Game Of Knowns
There are Known Knowns,
Known Unknowns, and
And then there is Dr Karl.
The inimitable Dr Karl reigns once more in his Dynasty of 34 Science Books with scintillating science scenarios, techie tales and tasty morsels to sate even the most haemoglobin-thirsty of his army of followers.
In Game of Knowns, he divulges why psychopaths make good kings, how smartphones dumb down our conversations, why the left side of your face is the most attractive, how the female worker bee gets a raw deal and why we drink beer faster when it is served in a curved glass. He discloses the amazing opportunities that 3D Printing will bring, the magic of hoverboards, solemnly shares why dark matter matters, and spills the scientific basis of wealth distribution.
Thereby Science is decreed to be the only true ruler of the kingdom, and there is none better to claim the Throne than Australia's most trusted and knowledge-thirsty scientist - Dr Karl.
Dr Karl Kruszelnicki is the Julius Sumner Miller Fellow at the University of Sydney. He is a qualified medical doctor, engineer, physicist and mathematician. This MasterGeek consistently appears on the list of the Top 15 Most Trusted Australians, and was this year named one of Australia's National Living Treasures.
Game Of Knowns
Author: Dr Karl Kruszelnicki
Interview with Dr Karl Kruszelnicki
Question: Can you tell us about Game Of Knowns?
Dr Karl Kruszelnicki: Game Of Knowns is my 34th book and it's basically a hand-book for the twenty-first century. In our society there is alcohol everywhere and in India there is no alcohol anywhere, none at all, as it is not a part of their culture. I went to the launch of a phone network, in India, for Richard Branson and there was sweet iced tea served rather than alcohol.
Question: Why did this inspire you to write Game Of Knowns?
Dr Karl Kruszelnicki: In our culture, there is alcohol everywhere, but we don't know how to use or deal with it. For example if you have two rum and diet colas you'll get drunker and be over the limit compared to having two rum and regular colas. We need to know about the alcohol that we use, all the time.
The body can only process so many kilojoules per minute so if you're processing diet cola then it goes through your system quickly and the alcohol goes straight into the blood stream, if you have a regular cola then the sugar slows down the rate at which the alcohol leaves the gut and as a result you are less likely to get a DUI because your blood alcohol level is lower.
Question: How do you discover and explain facts such as; why we drink beer faster when it is served in a curved glass?
Dr Karl Kruszelnicki: This is also related to the fact that we do not understand alcohol, properly, in our society. With a curved glass we do not judge it by the volume but by the height and if you are drinking from a curved glass which bulges at the top you will get drunker than you thought you would. Game Of Knowns helps you deal with this crazy world, that we are in.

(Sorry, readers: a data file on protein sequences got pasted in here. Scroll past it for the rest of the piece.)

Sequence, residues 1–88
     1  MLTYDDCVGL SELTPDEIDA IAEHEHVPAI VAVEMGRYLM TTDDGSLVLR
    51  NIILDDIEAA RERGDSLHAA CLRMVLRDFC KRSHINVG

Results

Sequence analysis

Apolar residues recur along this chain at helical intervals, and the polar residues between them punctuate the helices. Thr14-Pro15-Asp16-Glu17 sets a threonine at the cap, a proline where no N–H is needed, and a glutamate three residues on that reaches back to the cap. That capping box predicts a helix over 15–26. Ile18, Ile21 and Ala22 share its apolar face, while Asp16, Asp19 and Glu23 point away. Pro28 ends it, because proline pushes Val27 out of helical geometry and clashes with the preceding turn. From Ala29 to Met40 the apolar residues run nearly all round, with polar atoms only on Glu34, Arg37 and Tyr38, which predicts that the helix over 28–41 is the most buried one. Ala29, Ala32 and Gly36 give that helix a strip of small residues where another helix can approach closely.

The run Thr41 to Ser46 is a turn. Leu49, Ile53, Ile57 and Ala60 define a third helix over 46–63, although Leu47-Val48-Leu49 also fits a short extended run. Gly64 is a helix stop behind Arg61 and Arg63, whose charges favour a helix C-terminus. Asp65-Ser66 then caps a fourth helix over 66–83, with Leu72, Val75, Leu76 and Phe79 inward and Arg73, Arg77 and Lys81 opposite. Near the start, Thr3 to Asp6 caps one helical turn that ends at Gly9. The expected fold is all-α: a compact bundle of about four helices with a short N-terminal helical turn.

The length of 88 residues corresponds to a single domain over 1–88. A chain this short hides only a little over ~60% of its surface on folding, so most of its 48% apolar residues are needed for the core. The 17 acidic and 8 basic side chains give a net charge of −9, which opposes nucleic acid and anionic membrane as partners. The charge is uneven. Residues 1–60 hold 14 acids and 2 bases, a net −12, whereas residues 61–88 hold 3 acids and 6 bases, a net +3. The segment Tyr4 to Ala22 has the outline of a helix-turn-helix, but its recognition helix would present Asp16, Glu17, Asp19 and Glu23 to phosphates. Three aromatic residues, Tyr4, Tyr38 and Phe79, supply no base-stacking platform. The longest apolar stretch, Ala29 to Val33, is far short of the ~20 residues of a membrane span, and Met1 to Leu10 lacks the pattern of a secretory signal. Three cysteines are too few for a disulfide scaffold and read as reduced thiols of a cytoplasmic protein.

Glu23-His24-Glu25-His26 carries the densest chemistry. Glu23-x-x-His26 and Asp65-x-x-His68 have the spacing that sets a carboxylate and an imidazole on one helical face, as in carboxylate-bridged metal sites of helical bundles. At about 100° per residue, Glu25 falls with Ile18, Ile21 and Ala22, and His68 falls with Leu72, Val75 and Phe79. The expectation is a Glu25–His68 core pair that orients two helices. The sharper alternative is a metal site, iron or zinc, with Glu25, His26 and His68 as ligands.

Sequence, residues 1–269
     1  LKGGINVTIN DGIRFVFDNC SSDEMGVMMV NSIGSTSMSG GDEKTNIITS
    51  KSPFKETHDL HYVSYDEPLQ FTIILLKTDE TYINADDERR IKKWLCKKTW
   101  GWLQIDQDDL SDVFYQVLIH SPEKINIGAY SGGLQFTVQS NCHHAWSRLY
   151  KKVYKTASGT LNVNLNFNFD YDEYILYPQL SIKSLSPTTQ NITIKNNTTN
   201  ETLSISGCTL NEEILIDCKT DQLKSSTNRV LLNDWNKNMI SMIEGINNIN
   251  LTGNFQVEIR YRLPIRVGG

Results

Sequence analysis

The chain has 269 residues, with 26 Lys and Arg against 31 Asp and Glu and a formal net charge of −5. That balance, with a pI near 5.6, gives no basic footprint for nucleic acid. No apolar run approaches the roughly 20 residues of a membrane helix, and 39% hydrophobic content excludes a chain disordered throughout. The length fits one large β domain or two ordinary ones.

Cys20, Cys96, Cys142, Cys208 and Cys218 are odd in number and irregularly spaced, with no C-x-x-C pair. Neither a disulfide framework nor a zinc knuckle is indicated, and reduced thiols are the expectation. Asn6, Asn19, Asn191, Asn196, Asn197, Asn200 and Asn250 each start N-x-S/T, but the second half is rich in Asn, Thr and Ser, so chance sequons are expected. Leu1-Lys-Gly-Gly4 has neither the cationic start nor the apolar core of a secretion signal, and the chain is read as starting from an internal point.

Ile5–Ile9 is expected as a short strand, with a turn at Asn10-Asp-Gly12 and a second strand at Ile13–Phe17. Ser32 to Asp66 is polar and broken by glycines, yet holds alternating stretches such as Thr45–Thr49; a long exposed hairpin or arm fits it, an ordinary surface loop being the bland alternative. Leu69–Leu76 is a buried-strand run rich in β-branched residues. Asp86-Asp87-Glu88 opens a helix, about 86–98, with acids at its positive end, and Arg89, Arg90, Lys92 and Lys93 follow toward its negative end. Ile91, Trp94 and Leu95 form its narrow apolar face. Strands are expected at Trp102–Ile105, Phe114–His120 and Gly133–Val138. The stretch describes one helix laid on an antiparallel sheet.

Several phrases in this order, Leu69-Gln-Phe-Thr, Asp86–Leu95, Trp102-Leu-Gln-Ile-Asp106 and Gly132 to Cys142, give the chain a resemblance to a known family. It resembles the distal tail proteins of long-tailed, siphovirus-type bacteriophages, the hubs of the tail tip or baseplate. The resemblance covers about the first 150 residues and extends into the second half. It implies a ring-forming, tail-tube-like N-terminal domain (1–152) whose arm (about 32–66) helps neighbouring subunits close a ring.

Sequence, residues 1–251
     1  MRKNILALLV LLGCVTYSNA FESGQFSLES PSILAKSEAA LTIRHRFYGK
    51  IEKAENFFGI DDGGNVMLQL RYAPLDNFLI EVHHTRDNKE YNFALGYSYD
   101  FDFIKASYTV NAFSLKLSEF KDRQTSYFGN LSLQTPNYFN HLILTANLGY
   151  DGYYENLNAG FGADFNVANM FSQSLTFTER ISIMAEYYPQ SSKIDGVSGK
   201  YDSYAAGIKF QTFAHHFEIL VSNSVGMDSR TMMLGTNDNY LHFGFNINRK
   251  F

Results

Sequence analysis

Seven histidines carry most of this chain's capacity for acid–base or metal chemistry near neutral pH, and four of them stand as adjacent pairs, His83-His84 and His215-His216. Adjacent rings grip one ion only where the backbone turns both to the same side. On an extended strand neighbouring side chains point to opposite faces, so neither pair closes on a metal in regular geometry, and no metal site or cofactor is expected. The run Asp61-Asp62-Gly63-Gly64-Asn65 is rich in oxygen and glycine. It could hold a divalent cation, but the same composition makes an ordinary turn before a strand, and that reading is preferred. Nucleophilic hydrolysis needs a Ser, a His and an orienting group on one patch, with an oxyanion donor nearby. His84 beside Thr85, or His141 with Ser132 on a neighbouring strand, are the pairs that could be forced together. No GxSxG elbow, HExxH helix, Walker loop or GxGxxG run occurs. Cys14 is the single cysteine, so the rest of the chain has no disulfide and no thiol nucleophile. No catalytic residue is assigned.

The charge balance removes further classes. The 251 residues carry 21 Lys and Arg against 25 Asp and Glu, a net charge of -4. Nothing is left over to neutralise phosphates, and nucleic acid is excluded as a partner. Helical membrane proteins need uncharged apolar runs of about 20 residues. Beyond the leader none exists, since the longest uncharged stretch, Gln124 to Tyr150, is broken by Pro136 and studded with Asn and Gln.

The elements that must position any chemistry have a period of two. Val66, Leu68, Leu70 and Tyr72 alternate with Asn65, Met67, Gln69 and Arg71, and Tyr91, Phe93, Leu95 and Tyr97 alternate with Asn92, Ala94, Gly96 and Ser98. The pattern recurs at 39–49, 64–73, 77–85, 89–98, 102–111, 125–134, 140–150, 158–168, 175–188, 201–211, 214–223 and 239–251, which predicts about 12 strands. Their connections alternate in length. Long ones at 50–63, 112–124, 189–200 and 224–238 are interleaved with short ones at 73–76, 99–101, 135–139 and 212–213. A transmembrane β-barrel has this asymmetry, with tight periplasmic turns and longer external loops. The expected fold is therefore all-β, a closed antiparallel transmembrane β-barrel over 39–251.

Question: How does Game Of Knowns approach mobile phones?
Dr Karl Kruszelnicki: If you're having a conversation with someone and there is a mobile phone on the table, your conversation won't be as deep as if you didn't have the mobile phone, there. The mobile phone presence keeps your conversations light, trivial and shallow.
I find that everyone is always waiting for a better offer. A test was conducted with people who went into a room, to chat and when they were in the room there would be a book on a side table or a mobile phone. When the book was present the group could go right ahead and talk deeply but when there was a mobile phone present the group couldn't talk as deeply.
Question: What will readers like most about the book?
Dr Karl Kruszelnicki: I find it's important that we knows these facts for the twenty-first century. I also talk about dark matter and dark energy which at the moment is totally incomprehensible but in less than a century it will be a big part of our lives.
For example black coals gave us WiFi; back in 1972 an Australian scientist was trying to find black holes exploding in the universe and the signal was so weak he had to use special mathematics and this mathematics was essential for inventing WiFi. At the time you wouldn't have thought that the scientist looking for black holes would allow you to look up your Facebook page.
The dark matter that I talk about are things we have no idea how in the future we will use them but I am sure that in centuries from now someone will say to their child -Johnny, stop playing with your dark matter and come inside and have dinner…" Einstein's Theory of Relativity gave us GPS and who would have thought we would use that to navigate our way to a bar on Saturday night.
Interview by Brooke Hunter